A Staple in French Cooking, but Under Utilized Elsewhere
With a milder flavor than parsley, it is in the same family. It is member of the fine herbes (chervil, tarragon, parsley and chives) blend commonly found in French cooking, but rarely seen in recipes anywhere else. And it really should be part of every homecook’s repertoire. With it’s mild flavor it goes wonderfully with a roasted chicken, a delicate white fish, or as an herb pesto over pasta.
Chervil’s unique taste
The flavor is not as bitter as parsley, nor as pronounced, and one could say it has licorice undertones, bordering on anise-but mildly so. It gets a bit hidden with the fine herbes blend, but gives a different nuance that is commonly found in French classic dishes. Since herbs and spices can be controlled in the home kitchen, as opposed to restaurant dishes, chervil provides a mild flavor, when simplicity is all that is called for.
Gently seasoned recipes with Chervil to try:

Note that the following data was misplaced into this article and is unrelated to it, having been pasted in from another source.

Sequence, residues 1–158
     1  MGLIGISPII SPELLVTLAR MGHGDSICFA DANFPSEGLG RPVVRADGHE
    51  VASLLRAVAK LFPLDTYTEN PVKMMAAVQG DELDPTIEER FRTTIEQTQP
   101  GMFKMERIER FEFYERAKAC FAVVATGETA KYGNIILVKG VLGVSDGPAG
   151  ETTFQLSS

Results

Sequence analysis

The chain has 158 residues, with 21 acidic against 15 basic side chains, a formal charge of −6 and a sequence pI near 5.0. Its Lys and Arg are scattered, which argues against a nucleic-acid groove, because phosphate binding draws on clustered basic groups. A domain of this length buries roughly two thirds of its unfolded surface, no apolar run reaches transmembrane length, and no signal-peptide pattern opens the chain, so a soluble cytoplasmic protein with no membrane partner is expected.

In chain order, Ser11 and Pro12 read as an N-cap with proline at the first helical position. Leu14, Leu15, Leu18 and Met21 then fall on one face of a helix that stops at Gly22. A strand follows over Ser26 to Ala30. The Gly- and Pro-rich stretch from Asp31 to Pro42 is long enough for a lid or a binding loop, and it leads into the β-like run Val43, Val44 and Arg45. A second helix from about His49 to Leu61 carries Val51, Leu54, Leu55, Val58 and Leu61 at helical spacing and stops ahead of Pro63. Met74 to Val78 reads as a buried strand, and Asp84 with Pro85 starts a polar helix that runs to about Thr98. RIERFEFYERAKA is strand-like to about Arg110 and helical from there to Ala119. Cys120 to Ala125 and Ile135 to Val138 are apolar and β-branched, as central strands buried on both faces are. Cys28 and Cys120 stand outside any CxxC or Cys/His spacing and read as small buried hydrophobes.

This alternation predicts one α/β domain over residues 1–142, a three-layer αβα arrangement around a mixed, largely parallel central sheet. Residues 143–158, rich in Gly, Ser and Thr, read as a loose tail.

Kerbelsuppe (Cream of Chervil Soup) from Sauver Magazine
Salmon with Sauce Vierge by Steven Doherty from Great British Chefs
Flan with Green Herbs by Jacques Pepin from KQED
- 16oz/450g ravioli or tortellini
- 1 bunch fresh chervil, stems removed
- 6oz/170ml EVOO
- salt and pepper
Cook pasta according to directions on the container.
Clean and remove the stems from the chervil.
Place chervil into a food processor and add olive oil, salt and pepper.
Blend to make a thick pesto (sauce).
Place pasta on a serving plate and toss with the chervil pesto.
This is a process that can be used universally with many fresh herbs, such as parsley, tarragon, basil, and cilantro.